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20 of 22 people found the following review helpful
5.0 out of 5 stars Excellent theoretical and practical reader on audio drama, 13 April 2000
By A Customer
This review is from: Radio Drama (Paperback)
If you really enjoy listening to radio drama and study it or practice it in any context then this is a wonderful text for you. Crook does, as far as I know, the latest critique on radio drama and switches the genre into 'audio-drama' to extend its historical line before the first radio plays and post radio in terms of the Internet.
He pulls together existing literature and theoretical writing on the subject to formulate a critical vocabulary which is useful for scholars and practitioners.
He is passionate and rather opinionated in those passages which seek to inspire practical expression and reserved when dealing with an academic enquiry into the place of audio drama in media history, and a critical assessment of a modern play such as Lee Hall's Spoonface Steinberg.
I think it is excellent he has selected this play for analysis because it had a popular reaction from the largest audience available in the UK and perhaps in the world for radio drama.
In terms of aesthetics and theatre craft he properly praises it to the hilt. I was uncomfortable with his 'Cultural Studies' analysis. I think he was too harsh by adopting the Roland Barthes structuralist and Professor Stuart Hall approach on representation. In some way that kind of critical analysis is too narrow.
He accepts that the author and producers' intentions were sincere and I think there are other critical structuralists who give more room for authorial purpose.
If you write radio drama then his section on the theory and practice of writing is priceless.
If you direct, you will find, I think, his section on radio drama direction fascinating and if you make creative features or do anything creative with radio then the section on 'the feature' opens up ideas and practical advice which you just cannot find anywhere in existing literature.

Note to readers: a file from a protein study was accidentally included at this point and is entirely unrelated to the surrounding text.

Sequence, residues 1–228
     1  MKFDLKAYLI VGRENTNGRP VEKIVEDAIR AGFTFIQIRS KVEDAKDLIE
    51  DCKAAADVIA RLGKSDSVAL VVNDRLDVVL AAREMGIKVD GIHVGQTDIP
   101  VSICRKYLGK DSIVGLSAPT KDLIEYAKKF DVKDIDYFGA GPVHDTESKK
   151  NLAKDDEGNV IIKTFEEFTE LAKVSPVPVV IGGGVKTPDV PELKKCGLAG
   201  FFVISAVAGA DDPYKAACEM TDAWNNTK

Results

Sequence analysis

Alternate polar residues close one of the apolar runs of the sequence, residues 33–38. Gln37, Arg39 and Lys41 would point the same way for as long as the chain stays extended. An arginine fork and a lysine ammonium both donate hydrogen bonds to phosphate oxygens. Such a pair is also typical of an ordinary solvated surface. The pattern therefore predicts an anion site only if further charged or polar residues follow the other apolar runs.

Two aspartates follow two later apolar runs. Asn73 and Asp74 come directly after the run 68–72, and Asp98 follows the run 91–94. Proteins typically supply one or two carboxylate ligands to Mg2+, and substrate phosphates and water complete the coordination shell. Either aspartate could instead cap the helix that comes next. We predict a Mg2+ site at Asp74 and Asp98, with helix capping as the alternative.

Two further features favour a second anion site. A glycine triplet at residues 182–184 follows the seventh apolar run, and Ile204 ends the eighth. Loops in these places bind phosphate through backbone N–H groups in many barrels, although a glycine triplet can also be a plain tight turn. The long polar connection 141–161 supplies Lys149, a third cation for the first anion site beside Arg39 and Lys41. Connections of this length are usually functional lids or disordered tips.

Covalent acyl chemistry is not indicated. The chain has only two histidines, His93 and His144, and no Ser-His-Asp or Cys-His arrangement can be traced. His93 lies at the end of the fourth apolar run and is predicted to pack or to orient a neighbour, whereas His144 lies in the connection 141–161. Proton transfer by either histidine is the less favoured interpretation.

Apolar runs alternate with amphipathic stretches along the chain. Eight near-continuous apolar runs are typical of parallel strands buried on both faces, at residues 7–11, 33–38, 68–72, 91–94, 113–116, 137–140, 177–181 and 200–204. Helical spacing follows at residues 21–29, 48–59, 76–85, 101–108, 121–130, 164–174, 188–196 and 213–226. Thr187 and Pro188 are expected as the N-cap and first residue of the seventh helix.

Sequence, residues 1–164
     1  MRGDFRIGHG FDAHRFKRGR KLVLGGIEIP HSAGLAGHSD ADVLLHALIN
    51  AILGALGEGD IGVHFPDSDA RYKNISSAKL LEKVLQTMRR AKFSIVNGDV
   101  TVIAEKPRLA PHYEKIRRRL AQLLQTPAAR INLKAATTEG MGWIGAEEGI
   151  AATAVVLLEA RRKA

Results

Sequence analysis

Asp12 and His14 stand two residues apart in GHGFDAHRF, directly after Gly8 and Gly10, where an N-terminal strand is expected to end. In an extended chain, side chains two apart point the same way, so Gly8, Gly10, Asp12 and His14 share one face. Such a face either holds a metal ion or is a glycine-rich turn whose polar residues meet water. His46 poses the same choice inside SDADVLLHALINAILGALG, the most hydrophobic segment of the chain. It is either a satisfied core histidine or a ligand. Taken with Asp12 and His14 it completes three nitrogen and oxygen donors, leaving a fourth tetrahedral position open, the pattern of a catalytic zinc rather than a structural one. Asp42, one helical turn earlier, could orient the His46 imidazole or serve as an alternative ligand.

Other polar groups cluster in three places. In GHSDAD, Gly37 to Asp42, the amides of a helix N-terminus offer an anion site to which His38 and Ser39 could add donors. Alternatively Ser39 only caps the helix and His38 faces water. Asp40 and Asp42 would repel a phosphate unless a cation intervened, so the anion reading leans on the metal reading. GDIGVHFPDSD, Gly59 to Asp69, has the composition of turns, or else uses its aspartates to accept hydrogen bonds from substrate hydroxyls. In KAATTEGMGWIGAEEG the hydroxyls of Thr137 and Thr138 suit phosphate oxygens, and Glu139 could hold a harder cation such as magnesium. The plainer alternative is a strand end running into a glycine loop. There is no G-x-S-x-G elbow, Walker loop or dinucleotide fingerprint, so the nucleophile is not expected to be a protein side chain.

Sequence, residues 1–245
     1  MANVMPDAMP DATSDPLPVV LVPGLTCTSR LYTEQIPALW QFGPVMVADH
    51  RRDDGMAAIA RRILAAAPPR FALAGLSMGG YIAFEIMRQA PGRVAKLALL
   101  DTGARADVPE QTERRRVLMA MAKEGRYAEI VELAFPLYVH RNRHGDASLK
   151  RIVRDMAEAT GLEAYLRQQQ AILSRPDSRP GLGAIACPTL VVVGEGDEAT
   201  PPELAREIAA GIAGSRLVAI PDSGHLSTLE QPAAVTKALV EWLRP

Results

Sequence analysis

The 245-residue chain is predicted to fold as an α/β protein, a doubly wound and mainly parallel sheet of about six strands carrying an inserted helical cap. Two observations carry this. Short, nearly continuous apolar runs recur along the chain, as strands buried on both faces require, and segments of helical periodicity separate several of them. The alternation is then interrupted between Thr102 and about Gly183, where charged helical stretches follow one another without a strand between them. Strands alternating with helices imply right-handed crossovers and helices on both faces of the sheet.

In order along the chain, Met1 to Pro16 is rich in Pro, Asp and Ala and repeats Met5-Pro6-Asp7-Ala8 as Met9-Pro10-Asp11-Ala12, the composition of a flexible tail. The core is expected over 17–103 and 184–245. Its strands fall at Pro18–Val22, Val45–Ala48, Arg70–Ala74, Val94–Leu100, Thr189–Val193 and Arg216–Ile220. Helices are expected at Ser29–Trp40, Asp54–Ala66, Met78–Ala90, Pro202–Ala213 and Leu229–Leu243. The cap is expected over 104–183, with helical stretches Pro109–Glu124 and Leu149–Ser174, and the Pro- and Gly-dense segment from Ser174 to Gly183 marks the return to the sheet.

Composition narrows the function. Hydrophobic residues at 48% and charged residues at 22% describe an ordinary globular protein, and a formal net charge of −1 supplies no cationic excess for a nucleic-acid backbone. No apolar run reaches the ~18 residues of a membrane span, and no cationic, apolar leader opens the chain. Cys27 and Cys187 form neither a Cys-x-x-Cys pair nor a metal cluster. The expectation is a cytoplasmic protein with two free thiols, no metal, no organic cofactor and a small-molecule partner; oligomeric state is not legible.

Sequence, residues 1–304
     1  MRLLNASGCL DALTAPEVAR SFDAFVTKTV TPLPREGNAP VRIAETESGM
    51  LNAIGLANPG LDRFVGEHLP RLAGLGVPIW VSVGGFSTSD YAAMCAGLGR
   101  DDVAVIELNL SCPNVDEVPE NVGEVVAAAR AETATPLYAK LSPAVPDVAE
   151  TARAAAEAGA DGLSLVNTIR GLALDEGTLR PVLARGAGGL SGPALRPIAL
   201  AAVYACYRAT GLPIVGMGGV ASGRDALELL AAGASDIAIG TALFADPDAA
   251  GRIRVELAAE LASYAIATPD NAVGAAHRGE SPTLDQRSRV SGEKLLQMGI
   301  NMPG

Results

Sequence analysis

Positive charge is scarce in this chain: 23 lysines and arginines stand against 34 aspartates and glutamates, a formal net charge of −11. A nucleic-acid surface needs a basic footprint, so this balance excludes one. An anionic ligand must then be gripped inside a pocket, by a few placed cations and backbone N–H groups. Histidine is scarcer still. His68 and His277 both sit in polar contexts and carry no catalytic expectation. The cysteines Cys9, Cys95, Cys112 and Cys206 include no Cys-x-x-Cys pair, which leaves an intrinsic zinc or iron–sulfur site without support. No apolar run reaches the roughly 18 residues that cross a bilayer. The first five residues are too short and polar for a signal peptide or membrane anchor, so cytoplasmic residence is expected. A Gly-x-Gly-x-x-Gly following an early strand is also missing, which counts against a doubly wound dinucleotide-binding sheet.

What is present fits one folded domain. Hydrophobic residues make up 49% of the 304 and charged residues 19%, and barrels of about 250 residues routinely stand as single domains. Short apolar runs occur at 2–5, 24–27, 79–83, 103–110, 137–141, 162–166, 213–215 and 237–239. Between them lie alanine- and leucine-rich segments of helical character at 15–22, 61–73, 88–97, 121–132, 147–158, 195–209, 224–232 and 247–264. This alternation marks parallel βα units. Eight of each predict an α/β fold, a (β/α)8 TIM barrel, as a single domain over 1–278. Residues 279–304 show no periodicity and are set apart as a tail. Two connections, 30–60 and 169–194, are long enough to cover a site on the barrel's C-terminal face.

He also references radio drama produced in USA, Australia and Canada and so widens the field.
I think this book is a fantastic accompaniment to Drakakis's British Radio Drama which though published nearly 20 years ago provides a stalwart critical evaluation of the cultural value of the radio drama text.
To use a fashionable word Crook's book has intertextuality value. In order words you can find notions and points which reference other media such as film studies, television studies, and audience studies.
He has also planted some pretty powerful roots for developing research. What begins as a pretty mundane review of radio hoaxes extends into a whole new field about improvisational artists intervening and mischeviously performing in ritually defined broadcasting formats as fictional story tellers. He calls these 'radio bards'. These are seeds which merit much further intellectual analysis and development.
Very good bibliography at the back opens up doors for further reading. He also rightly pays tribute to Drakakis for his brilliant bibliography on radio drama publication up until 81.
As a conclusion I hope that this text bridging with Drakakis, Cambridge University Press 1981 will begin to construct a path for greater critical and cultural discussion and analysis of audio drama well into this century.
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Radio Drama
Radio Drama by Tim Crook (Paperback - 9 Sep 1999)
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